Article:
Challenges faced while getting school lunches for your kid: 

Kai is currently enrolled in a charter school through our public school system, so for now he is able to eat at home. Charter school is a type of home school where he has online teachers and a teacher who comes and checks on him once a month. Traditional home school is taught by the parents which is not what we are doing in Kai's case. He is able to eat when he is hungry and eat healthier food as well. For our situation it is working out best for now. Kai does have a desire to return to regular school in the future but for now he likes this type. We communicate with our kids and let them have a say in what they want to do, so charter school was something Kai wanted to do.

The biggest challenge for us as parents when Kai attended school was making sure he ate a healthy gluten-free lunch. Unfortunately Kai is not a big fan of fruits and vegetables, he is more of a meat and potato kid. He also loves breads and pastas. We had to get creative when we packaged his lunch to make sure he ate somewhat healthy. In elementary school they were aware of children with dietary needs but the school did not serve gluten-free lunches. Their main stance was making sure they did not get sick versus providing safe foods/meals. Even if they did we would not trust their cook/prep areas to avoid cross-contamination. They were very accommodating with classroom functions and parties involving food but that was about it. You still would need to bring a gluten-free dish or desert if the classroom had a birthday party or other function with food. In elementary school we would sometimes pack Kai's lunch but for the most part we brought his meal to school at the start of his lunch break. We are fortunate to live close to our schools since Ventura is not a large city. Kai's mom was always home so she was able to make him fresh healthy lunches and take them to school most days. We know this is not an option for all but it makes lunches a lot easier.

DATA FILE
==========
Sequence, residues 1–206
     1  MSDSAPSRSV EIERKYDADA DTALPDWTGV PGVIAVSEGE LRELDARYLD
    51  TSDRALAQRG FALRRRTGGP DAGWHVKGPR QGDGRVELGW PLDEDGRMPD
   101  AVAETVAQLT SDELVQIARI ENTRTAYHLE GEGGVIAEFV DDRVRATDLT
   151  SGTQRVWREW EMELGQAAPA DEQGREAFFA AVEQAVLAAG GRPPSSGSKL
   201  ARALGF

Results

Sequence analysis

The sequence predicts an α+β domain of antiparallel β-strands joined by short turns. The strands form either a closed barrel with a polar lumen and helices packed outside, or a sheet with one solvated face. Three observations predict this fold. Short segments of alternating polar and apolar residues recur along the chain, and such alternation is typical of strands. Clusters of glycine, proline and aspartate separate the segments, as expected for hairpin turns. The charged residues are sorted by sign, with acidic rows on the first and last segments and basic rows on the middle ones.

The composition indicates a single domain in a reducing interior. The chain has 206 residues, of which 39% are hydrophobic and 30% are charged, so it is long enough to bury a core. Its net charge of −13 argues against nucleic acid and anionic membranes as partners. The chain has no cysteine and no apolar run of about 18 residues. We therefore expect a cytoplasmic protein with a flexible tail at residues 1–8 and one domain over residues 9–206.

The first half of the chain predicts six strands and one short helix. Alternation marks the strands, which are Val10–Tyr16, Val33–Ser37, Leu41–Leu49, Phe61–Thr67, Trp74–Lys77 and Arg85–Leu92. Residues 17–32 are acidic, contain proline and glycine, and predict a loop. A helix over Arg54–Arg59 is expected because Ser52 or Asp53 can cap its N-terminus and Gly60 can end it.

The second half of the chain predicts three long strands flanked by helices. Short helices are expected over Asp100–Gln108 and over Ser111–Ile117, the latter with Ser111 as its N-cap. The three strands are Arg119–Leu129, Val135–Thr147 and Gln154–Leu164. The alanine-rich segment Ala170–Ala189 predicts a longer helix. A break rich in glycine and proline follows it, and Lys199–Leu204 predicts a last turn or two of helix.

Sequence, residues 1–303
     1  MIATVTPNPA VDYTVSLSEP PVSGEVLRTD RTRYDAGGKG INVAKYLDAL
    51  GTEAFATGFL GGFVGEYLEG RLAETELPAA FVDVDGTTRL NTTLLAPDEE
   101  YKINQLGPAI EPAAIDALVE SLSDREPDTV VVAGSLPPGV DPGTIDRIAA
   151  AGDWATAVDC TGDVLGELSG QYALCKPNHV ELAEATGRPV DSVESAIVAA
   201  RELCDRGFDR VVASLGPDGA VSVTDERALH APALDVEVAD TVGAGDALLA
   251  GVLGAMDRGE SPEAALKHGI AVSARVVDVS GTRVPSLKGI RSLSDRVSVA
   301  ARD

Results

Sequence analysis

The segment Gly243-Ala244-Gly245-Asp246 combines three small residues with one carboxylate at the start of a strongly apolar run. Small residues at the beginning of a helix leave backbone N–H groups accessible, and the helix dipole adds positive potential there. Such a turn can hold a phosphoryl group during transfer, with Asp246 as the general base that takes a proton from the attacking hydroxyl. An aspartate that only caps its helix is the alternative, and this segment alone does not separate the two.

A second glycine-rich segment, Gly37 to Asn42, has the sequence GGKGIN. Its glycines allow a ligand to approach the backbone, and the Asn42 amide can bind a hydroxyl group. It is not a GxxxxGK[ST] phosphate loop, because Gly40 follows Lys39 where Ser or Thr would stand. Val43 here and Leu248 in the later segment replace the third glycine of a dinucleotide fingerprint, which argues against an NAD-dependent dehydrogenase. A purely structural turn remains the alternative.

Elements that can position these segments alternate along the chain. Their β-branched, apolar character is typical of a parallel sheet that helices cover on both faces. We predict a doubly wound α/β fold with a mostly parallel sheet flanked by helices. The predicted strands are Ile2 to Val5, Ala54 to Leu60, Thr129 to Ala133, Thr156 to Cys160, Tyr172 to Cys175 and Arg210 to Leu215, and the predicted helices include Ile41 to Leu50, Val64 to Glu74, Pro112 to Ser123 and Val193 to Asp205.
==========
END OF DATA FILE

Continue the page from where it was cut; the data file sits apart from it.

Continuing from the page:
When Kai entered middle school (6th-8th grades) it became more of a challenge. For one, he did not have one classroom and teacher, he had 5 or 6 different classes. The school cafeteria was pretty much the same but this school had the option of purchasing other foods, junk foods mostly. As most know a lot of junk is not gluten-free. While Kai attended middle school we did what we always did, dropped his lunch off at school close to lunch time or packed his lunch. This school was even closer than his elementary school. On the rare occasion when we were not able to do either he would purchase a gluten-free snack which was probably some type of gluten-free chips and a drink. Kai preferred us bringing him his lunch or packing him a lunch due to the limited gluten-free food choices at school. If our school system was better equipped for gluten-free food preparation and offered a good variety of gluten-free meals Kai would have had no problem buying lunch at school.


Tips to help make school lunches easier for your kid

The biggest tip we can give from our experience is pack your child's lunch to ensure its is healthy, gluten-free and free of cross-contamination. We are sure most parent's already know this but for those kids with stay at home moms and or dads, bringing your child lunch at lunch time is another option as well if convenient. Kathy is a stay at home mom and would do this quite often. Yes at times it was a bit of a hassle but proper nutrition and ensuring our child ate a healthy lunch was always worth the effort. It worked for us and we figured why mess with something that is working. Since he had been sick for so long from what he ate we did not mind this process if it kept him healthy. If your child is not eating right or is hungry most of the time he/she will not be able to focus and learn at school. 

For those in a school district or a school that accommodates gluten-free students we would treat it like we do restaurants. We would make sure the kitchen area is set up for gluten-free cooking, make sure the staff is aware of cross-contamination and how the food is served/presented to avoid cross-contamination.  Just common sense stuff, maybe tour the kitchen if possible, talk to cooks, staff, food servers. When you have a child with CD you become quiet savvy with the gluten-free lifestyle.


Are schools doing enough for kids with allergies?